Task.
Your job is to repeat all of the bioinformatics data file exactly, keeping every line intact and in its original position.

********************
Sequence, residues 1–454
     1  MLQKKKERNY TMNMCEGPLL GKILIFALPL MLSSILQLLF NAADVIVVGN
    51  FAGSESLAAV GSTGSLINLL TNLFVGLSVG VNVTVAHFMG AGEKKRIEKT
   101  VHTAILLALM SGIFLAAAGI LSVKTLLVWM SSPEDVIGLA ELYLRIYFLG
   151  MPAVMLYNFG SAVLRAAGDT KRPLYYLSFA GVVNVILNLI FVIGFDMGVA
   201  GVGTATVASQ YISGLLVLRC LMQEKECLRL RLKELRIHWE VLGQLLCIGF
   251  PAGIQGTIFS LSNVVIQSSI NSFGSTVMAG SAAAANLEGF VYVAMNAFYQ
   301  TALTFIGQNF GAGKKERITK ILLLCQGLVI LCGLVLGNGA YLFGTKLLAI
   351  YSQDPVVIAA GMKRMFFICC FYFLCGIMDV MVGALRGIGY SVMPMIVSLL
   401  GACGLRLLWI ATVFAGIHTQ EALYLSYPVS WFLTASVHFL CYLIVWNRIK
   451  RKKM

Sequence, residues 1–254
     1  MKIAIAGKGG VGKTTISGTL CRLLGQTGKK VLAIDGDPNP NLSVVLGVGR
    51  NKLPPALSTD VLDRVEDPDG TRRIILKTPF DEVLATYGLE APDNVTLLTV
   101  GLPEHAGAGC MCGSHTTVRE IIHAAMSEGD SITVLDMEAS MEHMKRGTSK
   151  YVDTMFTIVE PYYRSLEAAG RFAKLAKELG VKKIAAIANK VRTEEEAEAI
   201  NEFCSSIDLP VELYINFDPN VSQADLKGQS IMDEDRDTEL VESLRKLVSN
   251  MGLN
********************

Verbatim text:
Sequence, residues 1–454
     1  MLQKKKERNY TMNMCEGPLL GKILIFALPL MLSSILQLLF NAADVIVVGN
    51  FAGSESLAAV GSTGSLINLL TNLFVGLSVG VNVTVAHFMG AGEKKRIEKT
   101  VHTAILLALM SGIFLAAAGI LSVKTLLVWM SSPEDVIGLA ELYLRIYFLG
   151  MPAVMLYNFG SAVLRAAGDT KRPLYYLSFA GVVNVILNLI FVIGFDMGVA
   201  GVGTATVASQ YISGLLVLRC LMQEKECLRL RLKELRIHWE VLGQLLCIGF
   251  PAGIQGTIFS LSNVVIQSSI NSFGSTVMAG SAAAANLEGF VYVAMNAFYQ
   301  TALTFIGQNF GAGKKERITK ILLLCQGLVI LCGLVLGNGA YLFGTKLLAI
   351  YSQDPVVIAA GMKRMFFICC FYFLCGIMDV MVGALRGIGY SVMPMIVSLL
   401  GACGLRLLWI ATVFAGIHTQ EALYLSYPVS WFLTASVHFL CYLIVWNRIK
   451  RKKM

Sequence, residues 1–254
     1  MKIAIAGKGG VGKTTISGTL CRLLGQTGKK VLAIDGDPNP NLSVVLGVGR
    51  NKLPPALSTD VLDRVEDPDG TRRIILKTPF DEVLATYGLE APDNVTLLTV
   101  GLPEHAGAGC MCGSHTTVRE IIHAAMSEGD SITVLDMEAS MEHMKRGTSK
   151  YVDTMFTIVE PYYRSLEAAG RFAKLAKELG VKKIAAIANK VRTEEEAEAI
   201  NEFCSSIDLP VELYINFDPN VSQADLKGQS IMDEDRDTEL VESLRKLVSN
   251  MGLN